Paycheck protection started as an anti-union strategy advanced by politically conservative interests to undercut the ability of labor unions to raise money from their members for legitimate political and legislative activity. Paycheck protection measures typically prohibit the use of any state resources (such as the state payroll system) to raise money from employees for any “political” activity, or create onerous reporting and administrative burdens on unions to document that they have received the explicit permission of their members to use their money for legitimate political activity and that they have not commingled political money with other union funds. In these measures, “political” is broadly defined to include a wide range of activities: direct support for candidates, ballot initiatives, issue education, lobbying, and in some cases grassroots lobbying.
While primarily aimed at organized labor, some of these measures have been so broadly written (in order to survive probable court review) that they also could have been applied to other nonprofits that receive money from public sector employees through payroll deduction charitable giving campaigns. The door that slams shut on the free speech rights of labor unions can easily be closed on 501(c)(3) nonprofits as well. Not only might the broad “political” restrictions chill nonprofit advocacy, the administrative rigmarole of certifications and approvals might dissuade public sector workplaces from conducting charitable giving campaigns completely—or discourage nonprofits from participating in campaigns laden with administrative hurdles intended by their conservative sponsors to chase progressive advocates out of public sector workplace solicitations.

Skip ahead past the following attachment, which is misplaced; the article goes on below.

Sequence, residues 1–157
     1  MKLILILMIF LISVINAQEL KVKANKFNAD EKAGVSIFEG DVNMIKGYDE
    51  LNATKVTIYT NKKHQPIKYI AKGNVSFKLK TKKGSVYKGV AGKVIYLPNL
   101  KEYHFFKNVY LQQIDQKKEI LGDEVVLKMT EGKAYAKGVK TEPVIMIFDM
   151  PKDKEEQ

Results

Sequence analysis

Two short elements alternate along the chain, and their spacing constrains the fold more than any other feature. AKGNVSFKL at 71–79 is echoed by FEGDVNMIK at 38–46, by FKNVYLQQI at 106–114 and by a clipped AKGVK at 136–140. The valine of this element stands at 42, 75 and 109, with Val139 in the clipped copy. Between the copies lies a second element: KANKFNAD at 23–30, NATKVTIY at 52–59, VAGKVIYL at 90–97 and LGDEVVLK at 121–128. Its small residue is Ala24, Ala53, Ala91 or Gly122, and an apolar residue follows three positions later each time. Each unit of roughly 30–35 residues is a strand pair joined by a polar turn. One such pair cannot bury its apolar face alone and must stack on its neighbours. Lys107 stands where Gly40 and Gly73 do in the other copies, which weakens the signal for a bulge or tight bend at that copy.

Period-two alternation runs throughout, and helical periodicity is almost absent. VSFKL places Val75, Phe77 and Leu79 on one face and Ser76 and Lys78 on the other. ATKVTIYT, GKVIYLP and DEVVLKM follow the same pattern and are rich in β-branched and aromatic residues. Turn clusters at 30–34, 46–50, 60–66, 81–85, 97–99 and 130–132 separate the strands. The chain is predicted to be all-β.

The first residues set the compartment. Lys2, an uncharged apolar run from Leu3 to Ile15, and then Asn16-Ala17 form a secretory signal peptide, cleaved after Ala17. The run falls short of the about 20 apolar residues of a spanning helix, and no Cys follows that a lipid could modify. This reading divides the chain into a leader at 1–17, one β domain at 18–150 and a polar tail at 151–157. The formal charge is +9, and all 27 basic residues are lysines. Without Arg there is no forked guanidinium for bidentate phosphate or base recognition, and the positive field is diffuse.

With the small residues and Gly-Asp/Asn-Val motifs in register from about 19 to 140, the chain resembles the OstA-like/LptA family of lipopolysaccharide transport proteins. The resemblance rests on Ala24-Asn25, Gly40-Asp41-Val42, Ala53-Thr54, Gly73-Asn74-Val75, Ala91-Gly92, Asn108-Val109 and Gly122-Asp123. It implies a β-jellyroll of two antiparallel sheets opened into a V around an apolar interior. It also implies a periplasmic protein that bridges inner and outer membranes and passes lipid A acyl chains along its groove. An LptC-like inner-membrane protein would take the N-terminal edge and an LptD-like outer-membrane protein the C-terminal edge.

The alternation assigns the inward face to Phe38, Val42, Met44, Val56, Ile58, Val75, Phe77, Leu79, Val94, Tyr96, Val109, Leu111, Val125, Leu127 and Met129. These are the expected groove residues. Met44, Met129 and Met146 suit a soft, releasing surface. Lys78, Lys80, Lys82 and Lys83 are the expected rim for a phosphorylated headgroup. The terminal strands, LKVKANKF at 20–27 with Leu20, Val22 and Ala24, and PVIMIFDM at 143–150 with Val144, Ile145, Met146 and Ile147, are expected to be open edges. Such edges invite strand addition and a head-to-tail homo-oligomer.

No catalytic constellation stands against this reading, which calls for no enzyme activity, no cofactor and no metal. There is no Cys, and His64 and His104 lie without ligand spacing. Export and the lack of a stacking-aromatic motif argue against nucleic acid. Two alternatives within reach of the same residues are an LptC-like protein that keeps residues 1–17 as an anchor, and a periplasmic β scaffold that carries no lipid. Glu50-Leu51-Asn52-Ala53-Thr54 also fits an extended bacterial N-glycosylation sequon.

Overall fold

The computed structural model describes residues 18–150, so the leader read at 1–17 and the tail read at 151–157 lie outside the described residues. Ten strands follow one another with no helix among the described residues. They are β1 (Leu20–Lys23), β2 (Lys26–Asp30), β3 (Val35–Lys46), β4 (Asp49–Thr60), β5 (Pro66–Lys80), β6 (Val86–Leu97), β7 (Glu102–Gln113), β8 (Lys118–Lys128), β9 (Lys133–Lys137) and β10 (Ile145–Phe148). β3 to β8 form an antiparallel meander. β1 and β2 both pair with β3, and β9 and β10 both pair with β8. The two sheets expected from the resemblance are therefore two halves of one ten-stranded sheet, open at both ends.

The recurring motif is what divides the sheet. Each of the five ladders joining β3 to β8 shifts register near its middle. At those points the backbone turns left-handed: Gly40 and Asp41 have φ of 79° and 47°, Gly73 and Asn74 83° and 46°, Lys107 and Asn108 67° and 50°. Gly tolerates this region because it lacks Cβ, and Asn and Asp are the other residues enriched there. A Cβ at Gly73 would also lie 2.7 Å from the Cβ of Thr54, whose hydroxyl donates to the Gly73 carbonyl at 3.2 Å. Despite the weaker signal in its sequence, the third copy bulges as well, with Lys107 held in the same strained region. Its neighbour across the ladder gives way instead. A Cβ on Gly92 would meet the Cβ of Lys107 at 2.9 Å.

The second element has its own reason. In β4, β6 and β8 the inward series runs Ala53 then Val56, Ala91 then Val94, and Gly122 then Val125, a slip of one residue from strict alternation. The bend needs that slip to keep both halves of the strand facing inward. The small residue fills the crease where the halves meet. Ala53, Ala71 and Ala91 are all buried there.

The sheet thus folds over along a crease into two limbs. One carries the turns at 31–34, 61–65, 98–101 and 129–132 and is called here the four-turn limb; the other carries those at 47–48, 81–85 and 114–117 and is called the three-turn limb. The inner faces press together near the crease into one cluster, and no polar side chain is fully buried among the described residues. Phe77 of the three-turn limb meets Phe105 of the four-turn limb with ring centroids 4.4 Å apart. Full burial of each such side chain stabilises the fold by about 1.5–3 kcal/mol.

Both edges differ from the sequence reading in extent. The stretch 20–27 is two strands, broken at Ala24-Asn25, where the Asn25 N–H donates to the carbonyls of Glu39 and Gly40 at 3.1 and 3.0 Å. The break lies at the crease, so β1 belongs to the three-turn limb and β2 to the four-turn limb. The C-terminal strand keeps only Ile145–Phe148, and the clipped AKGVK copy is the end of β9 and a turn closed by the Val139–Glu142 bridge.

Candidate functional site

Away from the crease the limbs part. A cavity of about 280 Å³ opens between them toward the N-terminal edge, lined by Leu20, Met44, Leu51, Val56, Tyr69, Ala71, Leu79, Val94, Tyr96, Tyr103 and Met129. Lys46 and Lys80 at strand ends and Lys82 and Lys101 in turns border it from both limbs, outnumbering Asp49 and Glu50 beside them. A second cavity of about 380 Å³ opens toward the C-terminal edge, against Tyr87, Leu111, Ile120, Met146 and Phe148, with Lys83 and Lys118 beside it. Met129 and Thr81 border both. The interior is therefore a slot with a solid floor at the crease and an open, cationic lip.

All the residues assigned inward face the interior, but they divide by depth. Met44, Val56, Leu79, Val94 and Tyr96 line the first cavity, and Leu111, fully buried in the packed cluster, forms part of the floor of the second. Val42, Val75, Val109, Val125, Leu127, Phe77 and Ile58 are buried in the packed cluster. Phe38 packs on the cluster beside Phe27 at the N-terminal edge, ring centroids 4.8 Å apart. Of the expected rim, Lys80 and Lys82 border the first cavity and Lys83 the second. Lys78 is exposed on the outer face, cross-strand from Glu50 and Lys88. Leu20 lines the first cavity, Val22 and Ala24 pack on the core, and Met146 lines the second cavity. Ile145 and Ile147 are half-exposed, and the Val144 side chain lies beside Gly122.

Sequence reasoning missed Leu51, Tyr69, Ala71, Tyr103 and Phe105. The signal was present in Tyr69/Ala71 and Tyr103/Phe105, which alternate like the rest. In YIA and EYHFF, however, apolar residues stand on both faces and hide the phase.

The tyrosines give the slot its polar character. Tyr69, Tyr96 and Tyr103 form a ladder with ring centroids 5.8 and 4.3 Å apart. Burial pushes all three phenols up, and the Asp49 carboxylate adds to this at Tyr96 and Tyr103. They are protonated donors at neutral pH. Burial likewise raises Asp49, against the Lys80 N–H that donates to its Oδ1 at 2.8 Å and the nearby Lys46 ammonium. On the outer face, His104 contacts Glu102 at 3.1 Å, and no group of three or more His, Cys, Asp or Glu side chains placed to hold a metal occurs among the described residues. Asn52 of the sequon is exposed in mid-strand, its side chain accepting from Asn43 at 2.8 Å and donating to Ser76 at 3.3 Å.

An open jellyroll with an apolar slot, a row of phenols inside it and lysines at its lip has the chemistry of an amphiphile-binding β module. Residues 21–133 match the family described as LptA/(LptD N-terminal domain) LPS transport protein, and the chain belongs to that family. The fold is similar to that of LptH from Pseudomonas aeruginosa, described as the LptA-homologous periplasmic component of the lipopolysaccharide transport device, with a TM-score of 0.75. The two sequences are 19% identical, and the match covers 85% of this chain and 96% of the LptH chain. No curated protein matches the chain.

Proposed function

In 1997 and 1998, paycheck protection ballot initiatives were defeated in California, Oregon, and Colorado, all prompting the active involvement of nonprofits that read the definitions and language to potentially include nonprofits as well as labor unions in the prohibitions. The unsuccessful paycheck protection initiative in California was notable for the confusing reaction of the United Way of America (UWA). While the UWA officially took no position, the former head of the UWA at that time, now Secretary of Labor Elaine Chao in the Bush Administration, indicated some measure of support for the California paycheck protection effort, causing great consternation among other nonprofits and organized labor, and never fully repudiated by the UWA.